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Pennsylvania Court Orders Production of Underwriting Files On Similar Claims By Other Policyholders

Carriers routinely resist efforts to compel production of the underwriting and claims files on other policyholders on the basis of relevance.  Early last month in H.J. Heinz Co. v. Starr Surplus Lines Ins. Co., 2015 WL 5781295, 2015 U.S. Dist. LEXIS 138080, (W.D.Pa., Oct. 1, 2015), an insurer lost that fight when a federal court in Pennsylvania required it to produce the files.  The case is noteworthy, but arguably limited in terms of its application to other disputes.  A Phase One trial was directed solely to the insurer’s efforts to rescind the policy because of material misrepresentations in the application, and discovery addressing whether the insured was being treated the same way as other similarly-situated policyholders was uniquely important given

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Posted in Contamination, Contamination and Product Recall, Discovery, Rescission

Pennsylvania Joins Oklahoma, Bans Homeowners Insurers From Attributing Earthquakes to Fracking

Last month we reported that the Oklahoma Insurance Commissioner had issued a bulletin cautioning earthquake insurers against denying claims on the basis that the quake was attributable to a man-made cause, which is to say oil and gas production, rather than to a purely natural one.  Recently, Pennsylvania’s Acting Insurance Commissioner Teresa Miller followed suit, “instructing” homeowners carriers that earthquake endorsements “should cover all earthquakes, whether believed to be ‘naturally occurring’ or caused by ‘human activity.’ ” The Keystone State has not seen the dramatic uptick in earthquake activity that has shattered both nerves and property in Oklahoma in recent years.  Because of the hydrocarbon-rich Marcellus Shale formation, however, it remains a jurisdiction with more oil and gas drilling than

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Posted in Causation, Earthquake, Homeowners Coverage, Regulation

Pennsylvania Court: Inaction When Damage is Known to Be Likely is Enough to Render the Loss Non-Fortuitous

On September 19th, a federal court in Pennsylvania held that a wall collapse was not fortuitous because the insureds knew that the wall was unstable and likely to fall and yet took no steps to correct the problem.  No one could say the loss was certain to happen, but the court effectively held that the insureds’ inaction was enough to make the collapse non-fortuitous given the likelihood that the wall would fail if it wasn’t repaired or braced.  The decision is Fry v. Phoenix Ins. Co., 2014 WL 4662481, 2014 U.S. Dist. LEXIS 131504 (E.D.Pa., Sept. 19, 2014). The Frys owned a home in Fleetwood, Pennsylvania.  The house was a wood-frame structure with a stone veneer, and they noticed that

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Posted in Collapse, Fortuity, Water, Wear and Tear

Pennsylvania Court Addresses What Is a Coverage Dispute for Appraisal Purposes

Last month, a Pennsylvania federal court rejected the notion that a dispute over whether an admittedly covered occurrence necessitated repair of certain discrete portions of the damaged structure was a coverage dispute, characterizing it instead as merely a dispute over the extent of loss.  As a result, Currie v. State Farm Fire & Cas. Co., 2014 WL 4081051, 2014 U.S. Dist. LEXIS 117970 (E.D.Pa., Aug. 19, 2014) held that the insurer could not refuse appraisal and stated that it was being “disingenuous” in arguing otherwise. The Curries were the owners of a home in Langhorne, Pennsylvania.  When Superstorm Sandy struck on October 29, 2012, the structure took a direct hit from a tree on the property.  The insurer, State Farm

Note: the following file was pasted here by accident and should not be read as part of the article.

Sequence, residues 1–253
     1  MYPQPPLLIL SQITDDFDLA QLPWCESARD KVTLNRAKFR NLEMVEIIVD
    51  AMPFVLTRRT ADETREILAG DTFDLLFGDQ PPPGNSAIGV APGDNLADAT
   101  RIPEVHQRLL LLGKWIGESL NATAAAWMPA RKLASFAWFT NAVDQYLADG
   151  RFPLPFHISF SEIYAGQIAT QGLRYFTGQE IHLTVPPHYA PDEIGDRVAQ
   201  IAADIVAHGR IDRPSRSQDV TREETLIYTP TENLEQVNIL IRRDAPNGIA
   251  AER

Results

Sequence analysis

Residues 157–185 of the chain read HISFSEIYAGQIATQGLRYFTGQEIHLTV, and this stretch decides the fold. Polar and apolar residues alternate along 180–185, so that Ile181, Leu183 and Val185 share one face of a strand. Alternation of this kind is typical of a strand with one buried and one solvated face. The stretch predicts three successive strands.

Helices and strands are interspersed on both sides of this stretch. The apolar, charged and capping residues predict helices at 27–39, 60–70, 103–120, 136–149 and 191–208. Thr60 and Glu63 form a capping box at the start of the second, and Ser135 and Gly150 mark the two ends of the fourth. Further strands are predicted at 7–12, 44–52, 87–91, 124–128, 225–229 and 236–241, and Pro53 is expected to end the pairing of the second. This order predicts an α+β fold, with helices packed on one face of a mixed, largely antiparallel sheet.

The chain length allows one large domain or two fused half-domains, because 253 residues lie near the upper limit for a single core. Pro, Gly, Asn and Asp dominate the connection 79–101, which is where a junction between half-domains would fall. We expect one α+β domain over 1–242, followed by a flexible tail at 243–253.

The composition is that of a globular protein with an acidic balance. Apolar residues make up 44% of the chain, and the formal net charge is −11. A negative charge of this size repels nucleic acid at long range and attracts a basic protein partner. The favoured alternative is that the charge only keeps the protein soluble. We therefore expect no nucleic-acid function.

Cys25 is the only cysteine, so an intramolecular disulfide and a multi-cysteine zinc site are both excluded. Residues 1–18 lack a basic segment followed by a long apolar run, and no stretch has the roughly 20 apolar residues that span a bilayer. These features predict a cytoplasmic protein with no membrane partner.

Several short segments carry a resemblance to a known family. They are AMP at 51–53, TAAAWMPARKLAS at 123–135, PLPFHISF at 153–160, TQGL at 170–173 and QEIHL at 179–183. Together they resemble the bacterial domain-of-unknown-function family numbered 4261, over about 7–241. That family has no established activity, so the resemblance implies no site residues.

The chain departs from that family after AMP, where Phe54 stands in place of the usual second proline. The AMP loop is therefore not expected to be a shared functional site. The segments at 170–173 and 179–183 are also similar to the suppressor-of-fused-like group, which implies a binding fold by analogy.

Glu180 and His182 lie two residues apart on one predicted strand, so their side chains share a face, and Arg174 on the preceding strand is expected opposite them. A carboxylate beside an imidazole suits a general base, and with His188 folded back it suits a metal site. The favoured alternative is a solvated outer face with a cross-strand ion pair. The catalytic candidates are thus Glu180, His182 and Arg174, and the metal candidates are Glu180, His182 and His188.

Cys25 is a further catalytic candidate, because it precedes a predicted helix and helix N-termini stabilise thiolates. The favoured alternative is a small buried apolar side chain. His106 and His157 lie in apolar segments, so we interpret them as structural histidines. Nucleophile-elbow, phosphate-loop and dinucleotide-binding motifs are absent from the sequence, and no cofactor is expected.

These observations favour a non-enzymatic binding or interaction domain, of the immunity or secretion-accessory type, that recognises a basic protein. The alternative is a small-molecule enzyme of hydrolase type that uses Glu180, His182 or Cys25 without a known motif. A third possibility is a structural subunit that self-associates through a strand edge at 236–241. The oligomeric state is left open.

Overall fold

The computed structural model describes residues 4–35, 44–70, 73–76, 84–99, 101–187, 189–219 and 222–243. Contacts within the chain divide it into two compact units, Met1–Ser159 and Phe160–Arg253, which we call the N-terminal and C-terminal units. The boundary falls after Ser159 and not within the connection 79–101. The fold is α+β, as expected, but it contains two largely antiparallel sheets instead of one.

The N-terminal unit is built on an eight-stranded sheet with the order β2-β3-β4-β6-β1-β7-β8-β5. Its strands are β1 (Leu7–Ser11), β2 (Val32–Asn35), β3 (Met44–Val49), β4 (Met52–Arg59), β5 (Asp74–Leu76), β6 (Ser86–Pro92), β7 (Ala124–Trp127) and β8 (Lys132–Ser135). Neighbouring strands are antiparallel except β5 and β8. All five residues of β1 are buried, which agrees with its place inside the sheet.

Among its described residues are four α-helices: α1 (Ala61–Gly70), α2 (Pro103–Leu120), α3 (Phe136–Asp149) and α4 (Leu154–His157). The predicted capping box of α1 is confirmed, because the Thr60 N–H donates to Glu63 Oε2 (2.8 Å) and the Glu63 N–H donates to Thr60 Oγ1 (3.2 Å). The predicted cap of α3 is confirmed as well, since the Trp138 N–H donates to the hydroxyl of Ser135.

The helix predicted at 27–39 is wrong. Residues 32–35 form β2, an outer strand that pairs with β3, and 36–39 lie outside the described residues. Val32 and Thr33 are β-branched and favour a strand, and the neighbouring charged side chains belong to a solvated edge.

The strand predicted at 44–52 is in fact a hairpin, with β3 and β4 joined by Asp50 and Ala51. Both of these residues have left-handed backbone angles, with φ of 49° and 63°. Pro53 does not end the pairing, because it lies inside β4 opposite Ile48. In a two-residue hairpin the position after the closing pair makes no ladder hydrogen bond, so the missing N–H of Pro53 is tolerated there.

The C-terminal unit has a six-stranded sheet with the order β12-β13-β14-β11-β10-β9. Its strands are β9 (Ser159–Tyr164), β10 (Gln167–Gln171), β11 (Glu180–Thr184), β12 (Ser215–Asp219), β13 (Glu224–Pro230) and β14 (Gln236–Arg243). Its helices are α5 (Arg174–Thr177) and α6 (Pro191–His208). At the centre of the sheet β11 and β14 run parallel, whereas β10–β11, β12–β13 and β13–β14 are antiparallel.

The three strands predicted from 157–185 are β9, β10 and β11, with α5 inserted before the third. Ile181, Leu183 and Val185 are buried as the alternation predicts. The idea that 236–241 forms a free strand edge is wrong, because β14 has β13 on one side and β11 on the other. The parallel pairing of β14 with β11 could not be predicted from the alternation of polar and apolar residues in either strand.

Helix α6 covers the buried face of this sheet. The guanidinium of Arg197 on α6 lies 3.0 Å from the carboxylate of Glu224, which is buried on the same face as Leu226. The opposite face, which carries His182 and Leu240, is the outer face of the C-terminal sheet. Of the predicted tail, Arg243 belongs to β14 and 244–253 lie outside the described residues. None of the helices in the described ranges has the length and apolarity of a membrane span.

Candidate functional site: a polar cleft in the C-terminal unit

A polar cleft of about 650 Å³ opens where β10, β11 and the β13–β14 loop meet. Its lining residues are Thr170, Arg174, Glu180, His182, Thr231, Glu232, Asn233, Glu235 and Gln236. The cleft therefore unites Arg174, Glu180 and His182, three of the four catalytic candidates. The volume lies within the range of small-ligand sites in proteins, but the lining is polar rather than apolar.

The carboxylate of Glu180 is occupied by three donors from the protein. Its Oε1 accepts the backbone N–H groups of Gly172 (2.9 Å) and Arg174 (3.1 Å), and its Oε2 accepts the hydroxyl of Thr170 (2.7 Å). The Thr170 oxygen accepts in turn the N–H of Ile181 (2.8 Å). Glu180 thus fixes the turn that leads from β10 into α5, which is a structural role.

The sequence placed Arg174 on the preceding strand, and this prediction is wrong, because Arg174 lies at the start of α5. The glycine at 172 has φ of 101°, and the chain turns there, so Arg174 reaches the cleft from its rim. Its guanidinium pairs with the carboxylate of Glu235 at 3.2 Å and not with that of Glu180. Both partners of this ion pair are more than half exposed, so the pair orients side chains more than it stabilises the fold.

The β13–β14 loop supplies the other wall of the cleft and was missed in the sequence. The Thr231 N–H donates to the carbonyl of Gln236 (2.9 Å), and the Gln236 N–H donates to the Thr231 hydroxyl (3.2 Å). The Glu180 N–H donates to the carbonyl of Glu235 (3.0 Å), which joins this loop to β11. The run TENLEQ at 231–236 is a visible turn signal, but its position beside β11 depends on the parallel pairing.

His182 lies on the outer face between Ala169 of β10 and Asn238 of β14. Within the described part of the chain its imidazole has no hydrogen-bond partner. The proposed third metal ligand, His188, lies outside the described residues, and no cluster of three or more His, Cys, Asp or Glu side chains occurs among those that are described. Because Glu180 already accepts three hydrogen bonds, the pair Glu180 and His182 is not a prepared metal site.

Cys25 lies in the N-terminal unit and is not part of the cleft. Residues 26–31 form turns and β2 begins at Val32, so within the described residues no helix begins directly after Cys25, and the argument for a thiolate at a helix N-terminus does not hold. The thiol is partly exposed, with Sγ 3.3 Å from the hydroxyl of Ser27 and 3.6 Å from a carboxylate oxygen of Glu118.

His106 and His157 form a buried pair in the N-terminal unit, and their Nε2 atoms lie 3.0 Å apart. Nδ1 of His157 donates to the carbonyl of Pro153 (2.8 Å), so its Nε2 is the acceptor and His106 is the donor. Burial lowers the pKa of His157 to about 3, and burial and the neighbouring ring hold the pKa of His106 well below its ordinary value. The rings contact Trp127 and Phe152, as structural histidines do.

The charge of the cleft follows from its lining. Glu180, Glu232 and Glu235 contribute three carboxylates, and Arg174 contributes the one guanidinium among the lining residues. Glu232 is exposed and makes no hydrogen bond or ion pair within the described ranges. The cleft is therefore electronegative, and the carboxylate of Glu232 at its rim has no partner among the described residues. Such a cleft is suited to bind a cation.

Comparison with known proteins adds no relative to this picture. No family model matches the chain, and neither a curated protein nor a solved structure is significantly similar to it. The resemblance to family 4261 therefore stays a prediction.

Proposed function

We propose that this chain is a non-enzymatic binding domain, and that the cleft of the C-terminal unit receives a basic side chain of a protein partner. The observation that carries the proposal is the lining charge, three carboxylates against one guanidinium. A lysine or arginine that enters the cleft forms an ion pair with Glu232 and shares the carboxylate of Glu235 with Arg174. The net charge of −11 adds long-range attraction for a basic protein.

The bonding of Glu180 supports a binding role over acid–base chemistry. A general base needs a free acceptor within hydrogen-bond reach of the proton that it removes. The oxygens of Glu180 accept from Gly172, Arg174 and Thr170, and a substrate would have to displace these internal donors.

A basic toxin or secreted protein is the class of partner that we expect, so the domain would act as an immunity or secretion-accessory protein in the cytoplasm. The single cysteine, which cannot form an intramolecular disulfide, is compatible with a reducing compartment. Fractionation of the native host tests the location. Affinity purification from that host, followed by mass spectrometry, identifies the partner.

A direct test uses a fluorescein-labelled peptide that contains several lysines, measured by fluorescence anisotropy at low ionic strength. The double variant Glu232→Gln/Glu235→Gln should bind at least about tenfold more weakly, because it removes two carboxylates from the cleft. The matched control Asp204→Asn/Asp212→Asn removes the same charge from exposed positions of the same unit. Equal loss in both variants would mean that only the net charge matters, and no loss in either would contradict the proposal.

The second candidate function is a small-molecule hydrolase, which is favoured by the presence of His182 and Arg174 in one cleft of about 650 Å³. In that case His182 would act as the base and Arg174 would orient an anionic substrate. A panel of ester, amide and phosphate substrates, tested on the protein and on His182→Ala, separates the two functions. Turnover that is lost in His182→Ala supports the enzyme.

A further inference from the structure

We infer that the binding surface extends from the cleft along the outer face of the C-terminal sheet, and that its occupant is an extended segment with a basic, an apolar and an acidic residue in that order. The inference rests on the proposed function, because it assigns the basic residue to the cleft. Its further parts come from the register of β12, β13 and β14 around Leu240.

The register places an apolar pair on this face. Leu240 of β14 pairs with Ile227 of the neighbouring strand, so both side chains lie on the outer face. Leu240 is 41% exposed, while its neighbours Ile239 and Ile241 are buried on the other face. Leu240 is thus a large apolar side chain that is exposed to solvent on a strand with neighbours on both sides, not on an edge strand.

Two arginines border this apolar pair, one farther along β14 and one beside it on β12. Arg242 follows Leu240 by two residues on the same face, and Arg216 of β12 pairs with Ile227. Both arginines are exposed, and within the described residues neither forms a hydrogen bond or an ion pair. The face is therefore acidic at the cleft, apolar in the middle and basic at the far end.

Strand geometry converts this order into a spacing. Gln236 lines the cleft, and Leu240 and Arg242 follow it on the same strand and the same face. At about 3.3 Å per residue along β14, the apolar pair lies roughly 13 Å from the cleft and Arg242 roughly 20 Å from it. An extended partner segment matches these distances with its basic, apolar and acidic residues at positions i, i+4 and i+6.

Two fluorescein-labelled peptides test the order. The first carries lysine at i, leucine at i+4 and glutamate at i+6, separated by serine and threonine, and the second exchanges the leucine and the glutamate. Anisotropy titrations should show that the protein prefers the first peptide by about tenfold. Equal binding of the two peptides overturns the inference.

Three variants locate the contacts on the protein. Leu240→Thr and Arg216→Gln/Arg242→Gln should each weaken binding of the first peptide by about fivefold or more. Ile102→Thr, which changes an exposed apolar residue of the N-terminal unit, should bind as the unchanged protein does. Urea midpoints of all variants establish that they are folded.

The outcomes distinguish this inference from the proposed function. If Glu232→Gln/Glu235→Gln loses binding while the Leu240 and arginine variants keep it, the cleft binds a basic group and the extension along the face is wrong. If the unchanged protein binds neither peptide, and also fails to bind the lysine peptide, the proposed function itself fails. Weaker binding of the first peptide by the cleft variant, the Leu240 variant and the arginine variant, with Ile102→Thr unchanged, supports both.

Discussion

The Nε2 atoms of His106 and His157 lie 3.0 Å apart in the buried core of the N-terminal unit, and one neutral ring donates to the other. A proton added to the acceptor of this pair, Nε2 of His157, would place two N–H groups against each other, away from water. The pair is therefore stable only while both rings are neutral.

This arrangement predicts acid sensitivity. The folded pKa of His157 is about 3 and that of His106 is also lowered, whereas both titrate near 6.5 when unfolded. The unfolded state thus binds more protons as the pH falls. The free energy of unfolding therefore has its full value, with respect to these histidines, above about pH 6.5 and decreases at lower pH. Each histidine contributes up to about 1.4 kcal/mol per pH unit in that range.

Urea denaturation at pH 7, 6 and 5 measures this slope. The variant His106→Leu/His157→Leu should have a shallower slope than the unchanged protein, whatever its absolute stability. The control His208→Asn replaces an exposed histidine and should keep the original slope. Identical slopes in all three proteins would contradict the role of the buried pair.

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Posted in Arbitration and Appraisal, Bad Faith, Homeowners Coverage, Loss Adjustment, Superstorm Sandy

Insurers Say “Over My Dead Body” to Claims for Damage From Decomposition

Last April saw decisions handed down in Pennsylvania and Florida that addressed the ghoulish question of whether first-party policies cover property damage from a decomposing body, and the courts in both jurisdictions held that the answer in no.  A word of warning – the balance of this post is not for the squeamish. The first decision was Certain Underwriters at Lloyds of London v. Creagh, — Fed.Appx. —, 2014 WL 1408868 (3rd Cir. , April 14, 2014).  The insured owned a building in Philadelphia where a tenant died in the bathroom of a second floor apartment.  The body went undiscovered for two weeks, by which time bodily fluids had seeped through the floor, contaminating both the apartment itself and parts

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Posted in Decomposition, Explosion, Microorganisms, Seepage or Leakage
About The Property Insurance Law Observer
For more than four decades, Cozen O’Connor has represented all types of property insurers in jurisdictions throughout the United States, and it is dedicated to keeping its clients abreast of developments that impact the insurance industry. The Property Insurance Law Observer will survey court decisions, enacted or proposed legislation, and regulatory activities from all 50 states. We will also include commentary on current issues and developing trends of interest to first-party insurers.
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